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LEARNING DISABILITIES: HISTORICAL PERSPECTIVES - page 28 / 42

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unexpected in relation to age and other cognitive and academic abilities; they are not the result of generalized developmental disability or sensory impairment. Dyslexia is manifested by variable difficulty with different forms of language, often including, in addition to problems reading, a conspicuous problem with acquiring proficiency in writing and spelling. (Lyon, 1995a, p. 9)

It will be interesting to see if phonemic awareness research will be a factor in shaping future definitions of learning disabilities or federal regulations pertaining to identification of learning disabilities.

Biological Causes of Learning Disabilities

Since the 1960s, most definitions of learning disabilities have made reference to a neurological basis for learning disabilities. However, it was not until the 1980s and especially the 1990s that evidence began to accumulate to support a biological basis for learning disabilities. Researchers have used two different sources of evidence to support the conclusion that learning disabilities may be the result of neurological dysfunction: postmortem studies and neuroimaging studies. Furthermore, evidence has begun to mount that hereditary factors are implicated in many cases of learning disabilities.

Postmortem studies. Albert Galaburda and Norman Geschwind and their colleagues (Galaburda & Kemper, 1979; Galaburda, Menard, & Rosen, 1994; Galaburda, Sherman, Rosen, Aboitz, & Geschwind, 1985; Geschwind & Levitsky, 1968; Humphreys, Kaufmann, & Galaburda, 1990) made postmortem comparisons between the brains of people with and without dyslexia. When they first started this research, it was difficult to assess its reliability because the number of cases was so small. By the 1990s, however, they had accumulated data on more than a dozen cases, and their results were demonstrating a consistent pattern. In most brains of the nondyslexic group, the left planum temporale (a section of the left temporal lobe, including a large segment of Wernicke’s area) is larger than the planum temporale in the right temporal lobe. The left and right planum temporales in the brains of those with dyslexia, in contrast, are the same size or the planum temporale in the right hemisphere is larger than the one in the left hemisphere.

Neuroimaging studies. Using magnetic resonance imaging (MRIs) and computerized axial tomography (CAT) scans, researchers have found the same symmetry or reversed symmetry for the planum temporales of adults with dyslexia (Hynd & Semrud-Clikeman, 1989; Kusch et al., 1993; Larsen, Hoien, Lundberg, & Odegaard, 1990). Studies of brain metabolism, using positron emission tomography (PET) scans and fMRIs, have also begun to reveal differences between individuals with and without dyslexia (Flowers, 1993; Flowers, Wood, & Naylor, 1991; Gross-Glenn et al., 1991; Hagman et al., 1992; Shaywitz et al., 1998). Again, the left hemisphere appears to be the locus of the abnormal functioning, with some of the evidence pointing to Wernicke’s area.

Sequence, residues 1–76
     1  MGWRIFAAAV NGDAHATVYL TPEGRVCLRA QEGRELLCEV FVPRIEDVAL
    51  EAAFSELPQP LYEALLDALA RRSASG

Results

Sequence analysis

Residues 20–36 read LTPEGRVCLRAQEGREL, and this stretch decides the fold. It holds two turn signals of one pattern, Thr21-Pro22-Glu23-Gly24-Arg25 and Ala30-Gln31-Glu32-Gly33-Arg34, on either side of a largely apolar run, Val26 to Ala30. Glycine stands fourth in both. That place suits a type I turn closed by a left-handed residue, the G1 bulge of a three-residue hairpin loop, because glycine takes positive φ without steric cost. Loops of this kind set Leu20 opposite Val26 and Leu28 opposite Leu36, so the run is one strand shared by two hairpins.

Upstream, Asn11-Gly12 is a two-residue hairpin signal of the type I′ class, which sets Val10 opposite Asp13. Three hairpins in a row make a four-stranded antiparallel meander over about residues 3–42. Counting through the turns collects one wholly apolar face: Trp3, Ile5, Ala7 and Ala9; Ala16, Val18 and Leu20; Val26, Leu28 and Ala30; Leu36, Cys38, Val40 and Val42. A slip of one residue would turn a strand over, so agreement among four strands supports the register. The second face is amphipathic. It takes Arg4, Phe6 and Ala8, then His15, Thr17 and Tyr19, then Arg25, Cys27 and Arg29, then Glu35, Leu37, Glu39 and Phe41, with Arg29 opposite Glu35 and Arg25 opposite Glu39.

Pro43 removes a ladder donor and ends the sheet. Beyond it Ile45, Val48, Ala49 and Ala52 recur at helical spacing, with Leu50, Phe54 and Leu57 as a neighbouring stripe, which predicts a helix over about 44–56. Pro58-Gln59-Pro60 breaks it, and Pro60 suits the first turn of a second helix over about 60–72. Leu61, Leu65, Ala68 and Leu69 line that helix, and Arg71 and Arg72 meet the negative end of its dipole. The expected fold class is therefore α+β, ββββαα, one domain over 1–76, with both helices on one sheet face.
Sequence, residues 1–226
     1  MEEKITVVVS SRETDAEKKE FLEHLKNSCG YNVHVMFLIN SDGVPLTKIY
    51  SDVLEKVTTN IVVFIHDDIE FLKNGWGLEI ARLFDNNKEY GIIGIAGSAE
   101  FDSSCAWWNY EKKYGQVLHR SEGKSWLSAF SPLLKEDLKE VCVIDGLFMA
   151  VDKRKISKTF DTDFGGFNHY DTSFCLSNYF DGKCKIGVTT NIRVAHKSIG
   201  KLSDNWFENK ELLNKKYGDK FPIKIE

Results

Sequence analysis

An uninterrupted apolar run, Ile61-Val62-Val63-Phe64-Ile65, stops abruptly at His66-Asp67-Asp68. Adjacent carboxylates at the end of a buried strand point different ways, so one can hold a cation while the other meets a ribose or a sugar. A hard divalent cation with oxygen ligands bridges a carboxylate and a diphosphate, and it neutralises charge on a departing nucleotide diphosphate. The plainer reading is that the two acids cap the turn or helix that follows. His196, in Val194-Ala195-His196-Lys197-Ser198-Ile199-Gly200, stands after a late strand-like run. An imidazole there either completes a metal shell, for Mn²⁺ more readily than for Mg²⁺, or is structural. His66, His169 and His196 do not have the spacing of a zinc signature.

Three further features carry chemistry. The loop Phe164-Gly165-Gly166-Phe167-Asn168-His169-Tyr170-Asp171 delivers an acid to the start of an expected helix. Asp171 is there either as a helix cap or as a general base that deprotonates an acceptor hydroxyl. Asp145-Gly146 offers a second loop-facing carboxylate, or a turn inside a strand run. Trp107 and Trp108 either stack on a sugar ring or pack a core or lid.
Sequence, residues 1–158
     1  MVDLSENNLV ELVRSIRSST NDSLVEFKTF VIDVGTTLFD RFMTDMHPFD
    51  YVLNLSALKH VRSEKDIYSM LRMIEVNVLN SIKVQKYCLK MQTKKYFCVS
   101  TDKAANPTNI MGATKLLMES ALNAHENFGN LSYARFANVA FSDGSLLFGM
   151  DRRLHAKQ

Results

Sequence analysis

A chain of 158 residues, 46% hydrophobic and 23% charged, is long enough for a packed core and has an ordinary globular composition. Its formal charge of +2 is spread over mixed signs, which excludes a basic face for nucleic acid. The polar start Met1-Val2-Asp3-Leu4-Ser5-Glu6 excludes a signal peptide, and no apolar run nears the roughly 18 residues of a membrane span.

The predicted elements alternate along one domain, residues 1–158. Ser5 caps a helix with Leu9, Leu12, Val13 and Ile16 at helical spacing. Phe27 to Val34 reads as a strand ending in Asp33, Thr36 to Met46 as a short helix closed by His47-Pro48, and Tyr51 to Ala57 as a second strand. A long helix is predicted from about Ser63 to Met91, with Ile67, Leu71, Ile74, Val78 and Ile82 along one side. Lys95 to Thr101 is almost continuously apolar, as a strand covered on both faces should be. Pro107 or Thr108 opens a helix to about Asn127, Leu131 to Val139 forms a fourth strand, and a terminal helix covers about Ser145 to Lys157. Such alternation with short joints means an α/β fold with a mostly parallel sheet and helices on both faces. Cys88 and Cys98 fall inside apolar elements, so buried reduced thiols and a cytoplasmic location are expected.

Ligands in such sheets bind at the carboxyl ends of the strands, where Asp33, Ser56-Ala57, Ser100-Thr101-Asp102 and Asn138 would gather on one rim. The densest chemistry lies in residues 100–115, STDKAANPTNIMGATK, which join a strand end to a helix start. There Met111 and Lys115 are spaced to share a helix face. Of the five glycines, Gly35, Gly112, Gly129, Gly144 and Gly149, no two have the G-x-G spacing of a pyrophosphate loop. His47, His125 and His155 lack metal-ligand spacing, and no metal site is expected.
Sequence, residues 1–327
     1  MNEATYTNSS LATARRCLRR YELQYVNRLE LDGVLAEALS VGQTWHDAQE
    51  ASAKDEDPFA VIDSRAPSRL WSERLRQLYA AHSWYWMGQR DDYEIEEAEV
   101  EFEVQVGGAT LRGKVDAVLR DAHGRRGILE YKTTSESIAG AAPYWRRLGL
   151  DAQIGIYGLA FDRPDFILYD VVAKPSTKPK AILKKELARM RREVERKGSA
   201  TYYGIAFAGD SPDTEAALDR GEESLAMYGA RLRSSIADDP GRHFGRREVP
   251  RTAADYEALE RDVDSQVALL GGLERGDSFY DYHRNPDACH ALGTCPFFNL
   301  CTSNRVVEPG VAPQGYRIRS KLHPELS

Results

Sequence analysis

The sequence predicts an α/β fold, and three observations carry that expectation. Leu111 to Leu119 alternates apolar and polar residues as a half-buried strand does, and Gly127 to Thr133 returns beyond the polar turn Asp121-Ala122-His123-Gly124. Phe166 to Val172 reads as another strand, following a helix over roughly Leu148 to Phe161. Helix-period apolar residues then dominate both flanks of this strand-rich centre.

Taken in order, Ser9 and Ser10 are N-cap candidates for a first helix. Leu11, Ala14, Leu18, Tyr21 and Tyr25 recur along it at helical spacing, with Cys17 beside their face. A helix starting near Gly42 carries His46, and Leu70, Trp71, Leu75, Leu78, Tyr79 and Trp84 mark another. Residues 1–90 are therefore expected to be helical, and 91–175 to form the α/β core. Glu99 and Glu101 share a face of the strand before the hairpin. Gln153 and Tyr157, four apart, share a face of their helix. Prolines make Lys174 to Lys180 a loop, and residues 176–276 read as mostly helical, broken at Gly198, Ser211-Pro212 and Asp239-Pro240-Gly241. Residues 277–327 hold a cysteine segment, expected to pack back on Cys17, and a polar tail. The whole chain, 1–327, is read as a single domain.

Hereditary factors. The 1990s also witnessed an increase in evidence pointing to the hereditary nature of learning disabilities. Researchers have found that about 40% of first-degree relatives of children with reading disabilities have reading disabilities themselves (Pennington, 1990). An approximately equal degree of familiality has also been found for speech and language disorders (Beichtman, Hood, & Inglis, 1992; Lewis, 1992) and spelling disorders (Schulte-Korne, Deimel, Muller, Gutenbrunner, & Remschmidt, 1996). Furthermore, studies of heritability, comparing monozygotic versus dizygotic twins, have found a high degree of concordance for reading disabilities (DeFries, Gillis, & Wadsworth, 1993), speech and language disorders (Lewis & Thompson, 1992), and oral reading ability (Reynolds et al., 1996).

Concern over Identification Procedures

At least two issues related to identification have occupied the learning disabilities literature at the end of the twentieth century. The first pertains to the use of the discrepancy between achievement and intellectual potential; the second is the issue of over-representation of minorities in the learning disabilities category.

Discrepancy between achievement and intellectual potential. By the 1990s, the majority of states had adopted a discrepancy between achievement and intellectual potential as part of their identification procedures (Frankenberger & Franzaglio, 1991). However, during this same time period many learning

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